It is an open question whether the SEC will exercise greater oversight over the Board’s adjudication process through this new approach to the hearing officers’ appointment and removal. The SEC already exerts significant oversight over the Board’s enforcement process through, among other means, its review of any Board final decision in a disciplinary proceeding under a de novo standard.12
Several other questions remain as to how the PCAOB amendment will impact Board adjudications, including any Board final decision under SEC review. First, going forward, the Board will have to appoint hearing officers and submit them to the SEC for approval.13 The release does not indicate if that already has occurred or when the Board and the SEC may proceed with such appointments.
Second, to the extent respondents (in a timely manner) challenged the constitutionality of the hearing officer’s appointment and sought Board review of the hearing officer’s initial decision14, the Board likely will take a similar approach to the SEC and (as the Court required in Lucia) remand the proceeding to a different and properly appointed hearing officer.15 Or, following the SEC’s “alternative procedures” approach, the Board could offer the parties, upon mutual agreement, the option of staying with the original hearing officer after he or she is properly appointed under the Board amendment.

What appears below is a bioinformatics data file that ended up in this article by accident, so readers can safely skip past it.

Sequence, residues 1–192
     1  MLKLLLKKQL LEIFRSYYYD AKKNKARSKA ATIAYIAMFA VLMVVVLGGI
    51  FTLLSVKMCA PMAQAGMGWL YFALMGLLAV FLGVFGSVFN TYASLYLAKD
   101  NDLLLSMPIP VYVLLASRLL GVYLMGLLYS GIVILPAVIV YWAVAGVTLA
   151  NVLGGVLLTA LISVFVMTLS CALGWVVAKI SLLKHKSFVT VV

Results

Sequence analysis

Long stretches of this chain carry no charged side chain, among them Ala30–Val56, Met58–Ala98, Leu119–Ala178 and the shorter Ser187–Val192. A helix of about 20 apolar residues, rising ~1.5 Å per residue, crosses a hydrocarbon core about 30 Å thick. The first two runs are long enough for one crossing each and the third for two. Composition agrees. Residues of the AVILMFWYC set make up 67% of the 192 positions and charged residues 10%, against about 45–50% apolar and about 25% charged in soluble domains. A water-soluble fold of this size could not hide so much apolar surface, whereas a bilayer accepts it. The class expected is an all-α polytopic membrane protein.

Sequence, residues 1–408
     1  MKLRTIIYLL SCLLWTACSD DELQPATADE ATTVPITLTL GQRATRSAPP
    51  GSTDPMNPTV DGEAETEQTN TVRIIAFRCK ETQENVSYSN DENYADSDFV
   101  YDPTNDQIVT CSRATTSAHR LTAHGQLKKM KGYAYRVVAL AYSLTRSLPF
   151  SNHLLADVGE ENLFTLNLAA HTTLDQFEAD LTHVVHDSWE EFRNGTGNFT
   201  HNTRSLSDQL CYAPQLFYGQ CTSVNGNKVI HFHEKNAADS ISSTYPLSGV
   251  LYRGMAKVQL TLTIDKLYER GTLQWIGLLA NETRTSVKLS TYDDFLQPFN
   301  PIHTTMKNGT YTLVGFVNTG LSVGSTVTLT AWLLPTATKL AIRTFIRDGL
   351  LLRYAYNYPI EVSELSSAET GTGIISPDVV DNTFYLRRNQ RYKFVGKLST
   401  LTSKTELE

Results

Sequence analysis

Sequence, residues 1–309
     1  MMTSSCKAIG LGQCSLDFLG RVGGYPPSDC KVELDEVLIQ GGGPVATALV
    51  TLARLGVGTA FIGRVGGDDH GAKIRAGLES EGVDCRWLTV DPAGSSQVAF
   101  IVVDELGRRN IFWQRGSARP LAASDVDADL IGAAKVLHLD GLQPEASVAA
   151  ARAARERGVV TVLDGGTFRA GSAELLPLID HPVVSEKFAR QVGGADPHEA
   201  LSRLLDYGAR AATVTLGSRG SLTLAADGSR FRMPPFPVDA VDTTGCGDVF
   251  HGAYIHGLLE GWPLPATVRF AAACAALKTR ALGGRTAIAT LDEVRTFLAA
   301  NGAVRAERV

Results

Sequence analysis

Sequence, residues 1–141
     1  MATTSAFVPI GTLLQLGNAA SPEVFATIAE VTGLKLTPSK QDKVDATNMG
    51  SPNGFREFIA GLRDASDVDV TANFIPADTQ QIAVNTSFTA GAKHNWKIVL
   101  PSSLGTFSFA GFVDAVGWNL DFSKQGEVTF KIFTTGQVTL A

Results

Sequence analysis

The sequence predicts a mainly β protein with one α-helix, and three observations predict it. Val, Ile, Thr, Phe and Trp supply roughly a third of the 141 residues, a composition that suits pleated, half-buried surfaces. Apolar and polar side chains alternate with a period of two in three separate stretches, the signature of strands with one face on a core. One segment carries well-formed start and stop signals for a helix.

Similarly, respondents that made timely challenges to the constitutionality of the Board’s hearing officer and sought SEC review of a Board final decision in a disciplinary proceeding16 could also expect relief. In those instances, the SEC could remand their proceeding to the Board, which, in turn, would likely take the aforementioned approach. It will be worth keeping a close eye on how these potential remands and related reassignments work themselves out in the coming months.
1See Bylaws and Rule Amendments to Provide that the PCAOB’s Appointment and Removal of Its Hearing Officers Are Subject to Commission Approval, PCAOB Release No. 2019-001 (Jan. 29, 2019) at 3–6. [hereinafter, “PCAOB Release”]. The PCAOB made clarifying and conforming changes to its bylaws and rules. See Bylaws of the Public Company Accounting Oversight Board Pursuant to the Provisions of Title I of the Sarbanes-Oxley Act of 2002, Article VI, PCAOB, https://pcaobus.org/Rules/Pages/Bylaws.aspx (last visited Feb. 25, 2019); Section 5. Investigations and Adjudications, PCAOB, https://pcaobus.org/Rules/Pages/Section_5.aspx (last visited Feb. 25, 2019), PCAOB Rules 1001(h)(i), 5200, and 5402. The amendments became effective upon their filing with the SEC on January 29, 2019. See Notice of Filing of and Immediate Effectiveness of Proposed Bylaw and Rule Amendments to Provide that the Board’s Appointment and Removal of Hearing Officers Are Subject to Commission Approval, Exchange Act Release No. 34-85090, File No. PCAOB-2019-01 (Feb. 11, 2019).